The innovative start-up Cortechs, led by Áine Behan, has aims of releasing an adult brain-fitness game and wearable sometime this summer following recent successful funding from the EU and Ireland.
Cortechs has found itself on the cusp of the rather exciting field of brainwave monitoring through devices that look like something out of science fiction and, it seems, it has now also caught the eye of accelerators.
Since its foundation, the company has been developing technology with the aim of combining neuroscience, sensors and gaming to help improve the quality of life of children regarding focus, attention and relaxation.
Its first commercial offering came last September with the release of a package that includes a NeuroSky brainwave headset, along with a game called Zip and the Misty Mountain designed to train kids aged six to 12 – particularly those with issues like ADHD – to improve their attention and relaxation levels.
Having so far proved successful with parents for their kids on Android devices, Cortechs now has plans to expand into iOS devices by the end of spring.
Regular readers of Siliconrepublic.com might remember Cortechs being named in our list of 25 trailblazing companies that prove Ireland is an internet of things (IoT) hub, as well as being the winner of the FutureHealth pre-accelerator at NDRC in March 2015.
Recently, the company secured one of its largest funding amounts to-date, receiving €110,000 as part of the European Commission funding from the Future internet (FIC3), which has now allowed it to look beyond helping kids to adults, too.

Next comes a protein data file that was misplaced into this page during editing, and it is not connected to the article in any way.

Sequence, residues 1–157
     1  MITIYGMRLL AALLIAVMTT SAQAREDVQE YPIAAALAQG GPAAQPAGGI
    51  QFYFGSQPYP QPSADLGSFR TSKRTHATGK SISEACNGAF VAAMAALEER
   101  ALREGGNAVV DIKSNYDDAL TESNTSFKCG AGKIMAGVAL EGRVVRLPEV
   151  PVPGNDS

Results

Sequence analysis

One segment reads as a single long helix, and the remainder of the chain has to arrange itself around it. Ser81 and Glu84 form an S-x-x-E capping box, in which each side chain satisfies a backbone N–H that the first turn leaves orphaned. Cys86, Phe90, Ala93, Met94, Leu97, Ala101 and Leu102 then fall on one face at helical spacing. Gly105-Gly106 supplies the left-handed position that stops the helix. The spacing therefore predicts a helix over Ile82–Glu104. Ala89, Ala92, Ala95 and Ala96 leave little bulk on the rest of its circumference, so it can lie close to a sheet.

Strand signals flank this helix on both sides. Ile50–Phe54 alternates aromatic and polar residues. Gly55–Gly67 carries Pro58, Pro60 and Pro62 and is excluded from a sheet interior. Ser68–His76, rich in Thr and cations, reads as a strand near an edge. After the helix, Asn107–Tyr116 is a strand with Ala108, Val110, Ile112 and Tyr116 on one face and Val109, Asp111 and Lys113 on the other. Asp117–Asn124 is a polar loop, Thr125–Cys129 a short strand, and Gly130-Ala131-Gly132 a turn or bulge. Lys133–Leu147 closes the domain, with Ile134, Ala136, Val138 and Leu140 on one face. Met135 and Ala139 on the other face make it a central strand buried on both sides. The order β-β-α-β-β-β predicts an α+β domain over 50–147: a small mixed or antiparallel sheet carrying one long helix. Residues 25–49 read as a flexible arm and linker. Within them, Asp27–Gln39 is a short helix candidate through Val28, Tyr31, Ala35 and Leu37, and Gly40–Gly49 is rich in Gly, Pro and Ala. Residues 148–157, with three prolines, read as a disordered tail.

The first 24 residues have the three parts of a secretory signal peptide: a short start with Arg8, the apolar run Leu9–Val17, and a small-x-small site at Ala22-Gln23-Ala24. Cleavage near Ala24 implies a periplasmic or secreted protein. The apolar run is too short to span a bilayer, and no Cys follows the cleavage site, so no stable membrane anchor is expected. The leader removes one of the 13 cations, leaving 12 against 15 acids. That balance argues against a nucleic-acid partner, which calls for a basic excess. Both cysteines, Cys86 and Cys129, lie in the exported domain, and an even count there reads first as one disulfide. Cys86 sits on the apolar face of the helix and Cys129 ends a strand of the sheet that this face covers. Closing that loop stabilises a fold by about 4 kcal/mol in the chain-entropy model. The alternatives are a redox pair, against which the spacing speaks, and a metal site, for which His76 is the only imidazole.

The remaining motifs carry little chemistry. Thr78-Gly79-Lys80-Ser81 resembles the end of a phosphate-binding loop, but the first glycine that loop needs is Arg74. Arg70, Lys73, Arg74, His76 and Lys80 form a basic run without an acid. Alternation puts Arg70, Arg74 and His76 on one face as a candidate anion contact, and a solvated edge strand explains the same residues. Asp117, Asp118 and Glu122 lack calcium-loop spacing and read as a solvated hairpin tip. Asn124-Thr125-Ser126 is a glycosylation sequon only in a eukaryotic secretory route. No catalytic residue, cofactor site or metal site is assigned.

“Having done a lot of market research, people’s attitudes to how they approach their health and wellness attitude is totally changing and [adults] are appearing to be more amenable to wearables like Fitbit etc,” said Behan, who is CEO of the start-up and has four on the team.
Hopes to grow company size
While keeping tight-lipped about what exactly is in store for an adult-orientated Cortechs product, Behan said that it is “almost like a brain fitness dashboard or an app that can be used to measure, monitor and improve [brain] fitness for adults”.
Behan is currently working within the NDRC’s Catalyser programme, an early-stage investment programme aimed at heavy research-based start-ups, which comes with €100,000 in funding.
“Gaming works brilliantly with kids to improve behaviour,” Behan said.
“We hope it works just as successfully with adults, but it’s important you use the right content. We did a lot of game concept design when we started and that’s equally important with adults.”
If the company is able to secure the seed investment it needs by Q2 this year, it aims to expand outside of the Irish and UK market it is in, with eyes on the US as well.